Volvo has recently stated that they will accept full liability for accidents that happen while the car drives in fully autonomous mode. This takes the heat away from the discussion about liability issues for self-driving cars. But it also has side effects that strengthen the business model of the auto maker: By accepting full liability the auto maker in effect shoulders the liability not only for all defects of the software (which no auto maker can evade anyhow) but also for all other accidents that may occur in autonomous mode. Some accidents can not be prevented: Obstacles may suddenly appear on the way (animals, pedestrians, other objects) and make an accident unavoidable. Defects of the roadway, certain weather conditions, and certain questionable behaviors of other traffic participants may lead to accidents that even the best software can not prevent.
Therefore the acceptance of full liability contains both a promise regarding the quality of the software and an insurance element: Volvo must either add the total, non-zero, lifetime risk of driving in autonomous mode to the purchase price of their self-driving cars. This could have the disadvantage of making their cars more expensive. Or they could duplicate the insurance industry’s business model and request that their customers subscribe to a (low) supplementary insurance policy. The latter has the advantage that risk profiles – total number of miles driven per year and the area where the cars are driven (urban, country, highway) can be taken into account. But the insurance industry would surely mobilize against the latter approach and decry it as anti-competitive.
In the following we therefore examine the first case where Volvo decides to include the cost of insurance as a hidden element in the purchase price in more detail: It is hard to provide a good estimate of the risks but there are some numbers we can build from: In 2012 US insurance expenditures for a car had an average value of $815 per year. If we take this as a proxy for the risk of human driving, then factoring in the risk of human driving for a 12 year life expectancy of a car would increase the purchase price by $9780. How much lower will the risk of autonomous mode driving be? A representative study of more than 5000 severe accidents in the United States published by the NHTSA which was carried out between 2005 and 2007 provides some clues: The study found that human errors were the most critical factor in more than 93% of the accidents. In less severe accidents human error probably plays an even bigger, but certainly not smaller role. Other factors were: Technical failures: 2.0%, road conditions: 1.8%, atmospheric conditions (including glare): 0.6%. If we assume that autonomous vehicles do not add significant additional modes of error, then they should be able to reduce the number of accidents by at least a factor of 10 ( 1/(1-0.93) = 14.2). Because the vehicles drive more defensively, break earlier in critical situations, are much more consistent in their behavior in critical situations than humans (some of whom will not react at all in a critical situation, not even step on the brakes) the average damage per accident is likely to be significantly smaller than the average current damage. Therefore the costs of vehicle accidents are likely to fall even further; we estimate that autonomous vehicles have the potential of reducing accident costs by a factor between 15 and 50. This assumes that autonomous vehicles do not create major additional risks and don’t somehow cause rare but unusually enormous accidents. Under these assumptions, Volvo’s liability promise can be added into the purchase price: If we assume a reduction of damages by a factor of 15, the life-span risk (12 years) translates into 652$ of additional costs for each fully autonomous car which Volvo sells.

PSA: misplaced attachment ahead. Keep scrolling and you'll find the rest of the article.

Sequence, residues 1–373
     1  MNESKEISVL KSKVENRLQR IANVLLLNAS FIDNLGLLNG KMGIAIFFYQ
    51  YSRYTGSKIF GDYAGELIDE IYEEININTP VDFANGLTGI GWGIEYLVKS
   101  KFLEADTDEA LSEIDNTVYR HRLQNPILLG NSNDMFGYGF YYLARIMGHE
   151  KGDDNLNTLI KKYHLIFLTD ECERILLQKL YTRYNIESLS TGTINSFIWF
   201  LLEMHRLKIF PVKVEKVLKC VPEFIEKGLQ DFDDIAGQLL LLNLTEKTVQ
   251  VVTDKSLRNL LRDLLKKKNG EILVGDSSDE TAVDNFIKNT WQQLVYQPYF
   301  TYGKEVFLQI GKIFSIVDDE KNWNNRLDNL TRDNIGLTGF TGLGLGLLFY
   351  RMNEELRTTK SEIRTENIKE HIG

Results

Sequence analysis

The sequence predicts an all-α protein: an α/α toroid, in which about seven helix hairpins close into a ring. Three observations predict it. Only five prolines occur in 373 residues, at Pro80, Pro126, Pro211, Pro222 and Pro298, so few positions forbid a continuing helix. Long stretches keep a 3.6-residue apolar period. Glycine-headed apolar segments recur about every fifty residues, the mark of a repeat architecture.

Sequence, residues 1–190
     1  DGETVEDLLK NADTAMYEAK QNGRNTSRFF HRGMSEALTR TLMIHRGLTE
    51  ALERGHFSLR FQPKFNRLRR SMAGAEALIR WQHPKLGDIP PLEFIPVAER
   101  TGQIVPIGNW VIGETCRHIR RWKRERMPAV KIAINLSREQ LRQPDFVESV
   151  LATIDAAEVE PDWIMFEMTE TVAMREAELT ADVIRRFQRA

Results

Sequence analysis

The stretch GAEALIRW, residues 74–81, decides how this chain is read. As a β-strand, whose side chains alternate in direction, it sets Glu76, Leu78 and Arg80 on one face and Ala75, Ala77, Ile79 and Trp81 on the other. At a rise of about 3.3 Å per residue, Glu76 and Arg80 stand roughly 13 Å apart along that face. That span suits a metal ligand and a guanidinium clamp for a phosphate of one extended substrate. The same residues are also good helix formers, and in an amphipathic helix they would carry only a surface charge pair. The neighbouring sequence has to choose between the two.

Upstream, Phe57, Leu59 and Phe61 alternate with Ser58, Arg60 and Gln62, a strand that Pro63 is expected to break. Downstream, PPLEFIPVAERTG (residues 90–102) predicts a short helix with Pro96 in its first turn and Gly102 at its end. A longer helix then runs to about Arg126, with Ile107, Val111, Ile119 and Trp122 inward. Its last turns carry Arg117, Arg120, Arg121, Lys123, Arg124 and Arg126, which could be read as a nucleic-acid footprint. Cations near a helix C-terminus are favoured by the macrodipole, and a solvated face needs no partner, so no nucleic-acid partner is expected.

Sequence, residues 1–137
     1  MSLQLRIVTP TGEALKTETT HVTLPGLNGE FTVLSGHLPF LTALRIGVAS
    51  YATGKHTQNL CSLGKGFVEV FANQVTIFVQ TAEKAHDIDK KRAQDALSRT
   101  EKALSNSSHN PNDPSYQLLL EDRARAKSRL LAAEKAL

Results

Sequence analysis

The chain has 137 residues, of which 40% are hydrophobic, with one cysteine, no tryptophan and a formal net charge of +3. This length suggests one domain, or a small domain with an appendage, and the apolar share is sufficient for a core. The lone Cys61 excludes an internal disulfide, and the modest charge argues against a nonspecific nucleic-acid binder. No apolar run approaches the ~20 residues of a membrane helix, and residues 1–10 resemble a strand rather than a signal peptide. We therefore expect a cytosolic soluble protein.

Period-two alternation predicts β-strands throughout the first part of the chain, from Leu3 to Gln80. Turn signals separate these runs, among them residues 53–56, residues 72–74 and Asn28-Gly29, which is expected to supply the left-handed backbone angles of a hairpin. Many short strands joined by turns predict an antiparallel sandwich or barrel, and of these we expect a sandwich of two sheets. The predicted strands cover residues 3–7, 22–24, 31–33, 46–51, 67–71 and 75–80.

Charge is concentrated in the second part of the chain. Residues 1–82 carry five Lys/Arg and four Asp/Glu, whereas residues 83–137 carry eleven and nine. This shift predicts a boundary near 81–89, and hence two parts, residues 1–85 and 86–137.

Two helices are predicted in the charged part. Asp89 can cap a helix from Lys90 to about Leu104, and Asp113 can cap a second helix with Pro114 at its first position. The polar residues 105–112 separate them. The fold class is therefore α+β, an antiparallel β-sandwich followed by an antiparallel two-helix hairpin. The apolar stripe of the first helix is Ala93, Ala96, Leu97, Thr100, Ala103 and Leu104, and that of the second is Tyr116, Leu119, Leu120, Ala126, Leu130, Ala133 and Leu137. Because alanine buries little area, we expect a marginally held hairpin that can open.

Accepting full liability for all accidents in autonomous mode may therefore indeed be a viable strategy for Volvo and other makers of fully autonomous vehicles. This move cuts out the insurance industry and – if copied by other auto makers – should not be a competitive disadvantage, because the risks are unlikely to differ greatly from auto maker to auto maker. In addition, auto makers might use this approach to open additional revenue streams for more risky use of vehicles where they might request additional fees – for example for heavily used fleet vehicles.
There is another side-effect of assuming liability for accidents in autonomous mode. Accidents are more likely if the cars are not maintained properly. Therefore auto makers may place more stringent requirements on maintenance, shorten maintenance intervals and require that the cars be maintained in certified repair shops only – which eliminates the business of independent repair shops. By increasing maintenance revenues, auto makers may be able to offset the costs of assuming liability for accidents.
In summary, Volvo’s shrewd move to assume liability may extend their revenue streams while cutting out insurance companies and independent repair shops.